Almost every agency out there says it has the best interests of its clients at heart. Well, actions speak louder than words. And based on their actions, it’s clear that most agencies don’t have the best interests of their clients at heart; in fact, far from it. Many agencies are more concerned with creating work that makes the agency itself look good than creating work that actually advances its client’s business.
Take the predicament both Burger King and Hardee’s are currently in. Hardees recently produced a spot for its biscuit holes. The spots are intentionally tongue-in-cheek, using terms like A-hole, B-hole and sweet balls to refer to the new product. Chuckling yet? (If you’re not, maybe you should watch the spot – I dare you not to laugh.) But that’s not the point: The point is that the majority of Hardee’s customers find the spot offensive. And if they find it offensive, chances are they won’t be buying Hardee’s biscuit holes, or any other product for that matter.
And let’s not forget repeat offender Burger King. Burger King has fallen into a pattern lately of putting blatantly offensive advertising into the international marketplace, only to quickly retract these ads in response to public outcry. An ad in Spain featured the Hindu goddess Lakshmi sitting on top of a ham sandwich. An ad that aired in Europe for the Texican Whopper pictured an American cowboy alongside a small lucha libre wrestler wearing a cape that resembled the Mexican flag. And let’s not forget about an ad in Singapore that featured the word “blow,” the wide-open mouth of a woman, and a reference to the specific length of the sandwich. I’m all for pushing the creative envelope, but when did distasteful, sexually offensive advertising that targets people’s religion and race become acceptable?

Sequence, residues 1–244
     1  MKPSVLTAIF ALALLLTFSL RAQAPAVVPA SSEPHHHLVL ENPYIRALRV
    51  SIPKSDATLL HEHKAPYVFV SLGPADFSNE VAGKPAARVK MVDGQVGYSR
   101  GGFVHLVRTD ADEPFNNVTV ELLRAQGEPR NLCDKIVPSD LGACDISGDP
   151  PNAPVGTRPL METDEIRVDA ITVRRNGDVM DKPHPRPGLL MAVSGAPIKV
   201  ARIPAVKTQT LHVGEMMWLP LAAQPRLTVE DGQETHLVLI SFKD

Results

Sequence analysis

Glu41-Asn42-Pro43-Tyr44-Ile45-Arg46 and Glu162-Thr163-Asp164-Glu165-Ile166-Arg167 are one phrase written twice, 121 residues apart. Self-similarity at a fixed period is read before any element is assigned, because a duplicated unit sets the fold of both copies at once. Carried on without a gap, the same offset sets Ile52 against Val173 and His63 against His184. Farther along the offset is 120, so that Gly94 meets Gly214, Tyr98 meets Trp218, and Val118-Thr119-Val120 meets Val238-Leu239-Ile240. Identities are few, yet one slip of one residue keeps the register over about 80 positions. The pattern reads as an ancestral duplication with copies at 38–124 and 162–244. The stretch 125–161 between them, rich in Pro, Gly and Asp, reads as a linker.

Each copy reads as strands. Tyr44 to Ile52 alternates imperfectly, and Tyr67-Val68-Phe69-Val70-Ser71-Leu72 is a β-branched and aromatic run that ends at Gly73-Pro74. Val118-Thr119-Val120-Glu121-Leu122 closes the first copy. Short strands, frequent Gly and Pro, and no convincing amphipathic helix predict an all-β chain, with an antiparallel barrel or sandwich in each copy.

As far as franchisees for both restaurant chains are concerned, it isn’t. According to a recent Ad Age story, Burger King franchisees are blaming the recent decline in sales partly on questionable advertising. Hardee’s largest franchisee, which operates almost 350 locations, has promised not to air the offensive ad and is demanding that the entire campaign be eliminated, claiming the advertising “diminishes not only the product but the [Hardee’s] brand itself.”
The franchisees are the only ones who get it here. Their agencies have their heads shoved so far up their you-know-what and are so busy patting themselves on the back for creating a funny spot that they’re totally missing the point. These campaigns aren’t doing anything to drive sales, nor are they doing anything to enhance the brand image; in fact, just the opposite! These agencies aren’t working for their clients – they’re working against them.
Now who’s the A-hole?